Saturday, October 31, 2015

Live webinar on a mobile device

A few months ago I enrolled in a course about how to design courses to be delivered via mobile devices. I did not have a "mobile" device, so I purchased a 7inch Android Tablet (an XO Tablet) and a 4 inch Android phone. This week I decided to try the tablet for the Adobe Connect webinar.

I downloaded the Connect App, which was not difficult (the hard part was learning how to download Apps). The tablet has a microphone and speaker, but webinars work much better with a headset, so I plugged in the same surveillance style headset, I use for my mobile phone.

The Connect App presents an interface similar to the desktop, but simplified. There is a column of buttons on the left, a column of text chat and then a large window for presentations (there was a video window but it disappeared when the webinar started, presumably because no video was being sent).

On the 7 inch screen the slides were about 4.5 inches and are very clear and readable. On a smart phone it might be necessary to have the slides full screen.

While I could walk around with the tablet and headset, it was quickly evident I could not take part in the webinar from anywhere. I had to be in range of WiFi, somewhere quiet and where I could sit down and put the device on a desk. The tablet is too heavy to hold still for more than a few minutes. As a result I had to use an office, with a desk, even with a "mobile" device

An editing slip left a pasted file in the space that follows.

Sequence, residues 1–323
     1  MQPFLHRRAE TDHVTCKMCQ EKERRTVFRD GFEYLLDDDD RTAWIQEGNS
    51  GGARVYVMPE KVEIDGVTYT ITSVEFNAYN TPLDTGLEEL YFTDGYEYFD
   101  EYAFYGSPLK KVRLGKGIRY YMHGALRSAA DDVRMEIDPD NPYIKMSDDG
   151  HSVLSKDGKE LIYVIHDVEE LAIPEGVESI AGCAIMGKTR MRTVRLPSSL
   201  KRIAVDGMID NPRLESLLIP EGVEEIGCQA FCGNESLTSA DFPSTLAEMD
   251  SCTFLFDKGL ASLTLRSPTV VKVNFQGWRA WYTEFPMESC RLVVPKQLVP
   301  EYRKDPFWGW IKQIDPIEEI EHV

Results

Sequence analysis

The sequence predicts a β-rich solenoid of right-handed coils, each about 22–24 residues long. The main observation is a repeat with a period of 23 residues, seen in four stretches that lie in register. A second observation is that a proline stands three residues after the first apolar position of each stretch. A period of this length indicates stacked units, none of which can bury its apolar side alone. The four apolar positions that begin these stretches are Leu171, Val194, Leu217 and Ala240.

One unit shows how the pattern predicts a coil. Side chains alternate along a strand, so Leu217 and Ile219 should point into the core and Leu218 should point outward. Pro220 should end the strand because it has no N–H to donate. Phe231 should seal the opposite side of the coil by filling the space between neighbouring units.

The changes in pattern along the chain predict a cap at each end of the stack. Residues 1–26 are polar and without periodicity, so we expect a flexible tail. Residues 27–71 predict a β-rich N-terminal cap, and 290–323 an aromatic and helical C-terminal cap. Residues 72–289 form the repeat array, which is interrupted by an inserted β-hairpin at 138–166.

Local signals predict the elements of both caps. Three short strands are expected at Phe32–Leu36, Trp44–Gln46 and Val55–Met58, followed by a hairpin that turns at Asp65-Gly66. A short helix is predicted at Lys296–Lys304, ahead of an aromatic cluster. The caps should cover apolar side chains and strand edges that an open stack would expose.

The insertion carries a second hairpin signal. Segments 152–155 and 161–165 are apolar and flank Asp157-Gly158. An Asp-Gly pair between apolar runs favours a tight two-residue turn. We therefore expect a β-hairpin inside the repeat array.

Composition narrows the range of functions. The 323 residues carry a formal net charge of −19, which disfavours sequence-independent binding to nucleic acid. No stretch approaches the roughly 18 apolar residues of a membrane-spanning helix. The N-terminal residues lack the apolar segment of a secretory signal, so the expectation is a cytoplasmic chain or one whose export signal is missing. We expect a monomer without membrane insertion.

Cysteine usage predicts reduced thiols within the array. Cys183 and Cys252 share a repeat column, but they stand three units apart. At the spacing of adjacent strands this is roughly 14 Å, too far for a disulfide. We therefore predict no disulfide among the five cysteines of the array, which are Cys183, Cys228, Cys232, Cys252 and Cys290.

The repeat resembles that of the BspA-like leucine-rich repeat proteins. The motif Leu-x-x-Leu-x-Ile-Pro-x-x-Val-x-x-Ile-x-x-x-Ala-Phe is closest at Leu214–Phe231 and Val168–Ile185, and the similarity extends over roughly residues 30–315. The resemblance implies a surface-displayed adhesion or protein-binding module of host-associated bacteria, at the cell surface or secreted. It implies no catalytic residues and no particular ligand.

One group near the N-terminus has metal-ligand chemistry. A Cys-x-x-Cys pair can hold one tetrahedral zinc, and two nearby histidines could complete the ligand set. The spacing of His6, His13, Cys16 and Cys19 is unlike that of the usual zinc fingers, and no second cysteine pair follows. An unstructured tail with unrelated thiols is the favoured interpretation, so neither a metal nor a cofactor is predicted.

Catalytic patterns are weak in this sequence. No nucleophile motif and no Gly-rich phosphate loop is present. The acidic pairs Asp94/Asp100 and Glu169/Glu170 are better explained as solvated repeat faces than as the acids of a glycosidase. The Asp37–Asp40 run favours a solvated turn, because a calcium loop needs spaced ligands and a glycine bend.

The tablet was fine for listening and reading text messages, but was difficult to use more actively. Typing a short text message was okay, but I could not easily flip to a web search and paste the results in. Switching to talk mode was surprisingly difficult. I put my virtual "hand" up to have a turn to talk, but found that I could never put it down. Clicking on the button to activate the microphone was difficult. What I found more useful was leave the soft microphone switch on and use the Push-to-Talk button on my headset.

At present a mobile device is a novelty for me. I might become more proficient, but to take notes during the webinar I got out my laptop and typed on its real keyboard and 11.6 inch screen. So the tablet provided little benefit over using a laptop (which is transportable, rather than mobile). A better option might be a smart phone, plus a large tablet or laptop. The smart phone would be used for the consuming information and the laptop for producing. This arrangement might also work well when the presenter in a webinar, as it can be useful to have a second device to see what the presentation looks like.

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